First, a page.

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How would one describe life without making references to the five senses most humans posses? Not the easiest thing to do, right? If someone had the opportunity to talk to Helen Keller before the age of seven I think she would have to agree with this statement. The first glimpses one sees of Helen can be compared to that of a modern day zombie; her arms flailing out in front of her as she wallows through the front yard grasping on to anything in front of her to make sure she does not run into the scenery. One cannot help but feel bad for the child, while not only imagining their life in her shoes. Helen overcomes unseen obstacles that change her life in a way she never thought would be possible.
Helen’s mother, father and family play a crucial role in the film. In some of the first scenes of the family gathered around and Helen, played by the actress Patty Duke, now around the age of seven, the audience gets a glimpse of what home life was like with a child that is deaf blind and basically mute. They treated her with love and care but pitied the child because of her abnormalities. The director did a good job of portraying the frustration that would entail with having to deal with someone who needed so much attention and could not live without the constant support of the people that love her. The burden was of large proportions and it is seen throughout the movie.
The family finally came to a decision of acquiring a teacher that could come and try and bring some humanity to Helen. Her name was Miss Sullivan. Miss Sullivan took on the challenge and immediately enters into the movie trying to communicate with her. One scene that sticks out is the train ride from Boston to the deep south of Alabama. This long and rigorous train ride that took multiple days was portrayed as erratic and horrific. The director wanted to show the serious life change that was about to happen in Miss Sullivan’s life. Alabama was no Boston and Miss Sullivan was about to take on the biggest challenge of her life. She would try to teach Helen the beauty of language and what its like to experience the world through words.
To say that the transitions of having someone come in and change your life in a way never dreamed of was smooth would be a lie. There were many scenes of conflict and childlike temper tantrums when Miss Sullivan would try to teach Helen words and how to have manners. The director was portraying how change does not come easy for humans. It is much easier to sit comfortably in one’s ways. It takes a strong person to change one’s ideology and make someone realize that the unknown can be filled with awe and beauty never even dreamed of. That is what Helen was about to experience the day language filled her life.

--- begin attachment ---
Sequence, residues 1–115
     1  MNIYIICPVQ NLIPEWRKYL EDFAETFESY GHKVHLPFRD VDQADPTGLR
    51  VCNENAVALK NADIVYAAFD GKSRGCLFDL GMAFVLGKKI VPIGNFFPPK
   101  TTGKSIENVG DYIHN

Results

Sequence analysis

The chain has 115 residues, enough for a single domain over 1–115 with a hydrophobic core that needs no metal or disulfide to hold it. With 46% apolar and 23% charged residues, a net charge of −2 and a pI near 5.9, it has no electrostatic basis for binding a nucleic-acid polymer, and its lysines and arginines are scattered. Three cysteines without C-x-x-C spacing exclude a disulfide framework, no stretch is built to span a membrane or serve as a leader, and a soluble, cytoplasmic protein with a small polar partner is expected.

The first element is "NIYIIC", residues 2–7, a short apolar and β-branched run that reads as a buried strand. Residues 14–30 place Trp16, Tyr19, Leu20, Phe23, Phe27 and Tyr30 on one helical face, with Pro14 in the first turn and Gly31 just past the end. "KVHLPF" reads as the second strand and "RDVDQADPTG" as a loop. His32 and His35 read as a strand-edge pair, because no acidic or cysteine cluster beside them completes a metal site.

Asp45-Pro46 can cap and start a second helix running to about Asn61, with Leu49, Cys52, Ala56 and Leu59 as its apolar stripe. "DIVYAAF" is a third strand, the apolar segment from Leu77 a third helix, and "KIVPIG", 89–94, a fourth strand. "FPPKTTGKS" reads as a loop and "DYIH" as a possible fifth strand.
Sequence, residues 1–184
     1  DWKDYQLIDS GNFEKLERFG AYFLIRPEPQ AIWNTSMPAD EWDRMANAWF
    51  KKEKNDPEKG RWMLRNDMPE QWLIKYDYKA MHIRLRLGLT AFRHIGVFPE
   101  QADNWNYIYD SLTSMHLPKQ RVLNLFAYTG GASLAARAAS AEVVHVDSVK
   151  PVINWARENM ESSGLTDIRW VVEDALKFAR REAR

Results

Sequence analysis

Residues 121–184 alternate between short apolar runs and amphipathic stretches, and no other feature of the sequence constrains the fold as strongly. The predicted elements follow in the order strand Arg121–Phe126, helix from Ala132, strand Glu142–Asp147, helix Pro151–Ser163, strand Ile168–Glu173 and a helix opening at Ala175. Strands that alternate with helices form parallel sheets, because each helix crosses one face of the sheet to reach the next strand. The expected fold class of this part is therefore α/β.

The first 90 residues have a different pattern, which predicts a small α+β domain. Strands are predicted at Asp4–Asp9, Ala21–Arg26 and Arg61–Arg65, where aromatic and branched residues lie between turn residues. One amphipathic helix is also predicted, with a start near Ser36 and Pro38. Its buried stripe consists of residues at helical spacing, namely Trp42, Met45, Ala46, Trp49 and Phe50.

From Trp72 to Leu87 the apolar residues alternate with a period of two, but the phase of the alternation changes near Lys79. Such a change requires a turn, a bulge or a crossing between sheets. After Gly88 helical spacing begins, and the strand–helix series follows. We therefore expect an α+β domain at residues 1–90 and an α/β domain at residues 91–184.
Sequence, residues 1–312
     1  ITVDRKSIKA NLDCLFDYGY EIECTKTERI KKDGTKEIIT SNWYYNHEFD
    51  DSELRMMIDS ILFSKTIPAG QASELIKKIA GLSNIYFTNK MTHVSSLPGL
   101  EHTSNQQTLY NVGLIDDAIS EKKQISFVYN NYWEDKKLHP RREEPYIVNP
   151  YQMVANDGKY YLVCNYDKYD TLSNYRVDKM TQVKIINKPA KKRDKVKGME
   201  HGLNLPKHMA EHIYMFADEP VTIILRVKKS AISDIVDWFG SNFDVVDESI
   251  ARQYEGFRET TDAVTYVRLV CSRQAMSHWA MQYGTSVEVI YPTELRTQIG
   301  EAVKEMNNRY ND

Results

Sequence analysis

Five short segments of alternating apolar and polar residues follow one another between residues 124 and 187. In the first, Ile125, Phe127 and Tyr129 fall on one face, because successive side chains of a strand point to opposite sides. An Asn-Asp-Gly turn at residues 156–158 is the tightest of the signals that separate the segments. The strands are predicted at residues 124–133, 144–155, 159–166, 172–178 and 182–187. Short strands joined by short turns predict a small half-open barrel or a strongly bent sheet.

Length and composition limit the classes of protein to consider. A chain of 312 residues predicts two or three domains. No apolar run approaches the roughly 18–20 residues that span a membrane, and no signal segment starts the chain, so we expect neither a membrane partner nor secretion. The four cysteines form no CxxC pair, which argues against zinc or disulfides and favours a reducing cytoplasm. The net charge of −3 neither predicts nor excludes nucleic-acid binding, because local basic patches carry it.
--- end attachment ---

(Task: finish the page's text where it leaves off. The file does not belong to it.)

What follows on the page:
In the biography of Helen Keller, Keller states: “Suddenly I felt a misty consciousness as of something forgotten—a thrill of returning thought; and somehow the mystery of language was revealed to me. I knew then that “w-a-t-e-r” meant the wonderful cool something that was flowing over my hand.”(Keller, 6) On this day language finally cliqued in Helen’s brain. In the movie the audience sees the once helpless pitiful girl as someone who can communicate. The director did a wonderful job in this scene. The happiness and joy shown by Helen and the family can only melt the heart of those watching. After the long struggle between Miss Sullivan who has shown so much heart and patience with this girl, now has succeeded in what she and only she set out to accomplish from the beginning.
The set and setting of the movie takes place in the late 19th century, right after the civil war. The director gives it away when the family sometimes refers to the father of Helen as “Captain.” The movie was made well after color film was brought onto the market. Yet, the director chose to film in black and white. This brilliant move was chosen to take away one of the audience’s pleasures that most fully functioning humans can experience, which is being able to see full color. The director knew that the audience would be watching a film on a disabled child; why not disable color so the audience can relate in a small amount to Helen.
In conclusion the story of Helen Keller is truly inspiring and heartwarming. To see someone overcome such great odds when nothing was going their way could help the viewer believe that nothing is impossible. The director took on the challenge of having a main character that could not speak, listen or see and still bring the character to life. He did a wonderful job casting the characters. As the audience followed along the story, it was easy to relate with the mother, father, brother or even teacher when things would get out of hand, or the moments when things seemed to be turning around for Helen. When comparing the story to the movie there are slight differences, but the main reason is because in the story the reader is able to get inside Helen’s head; while when watching the film the director has to portray those thoughts into actions. Overall both pieces are incredibly done and should be viewed by all people to see that nothing can hold someone back if they have the will and determination to change, even when society and life are saying it cannot be done.
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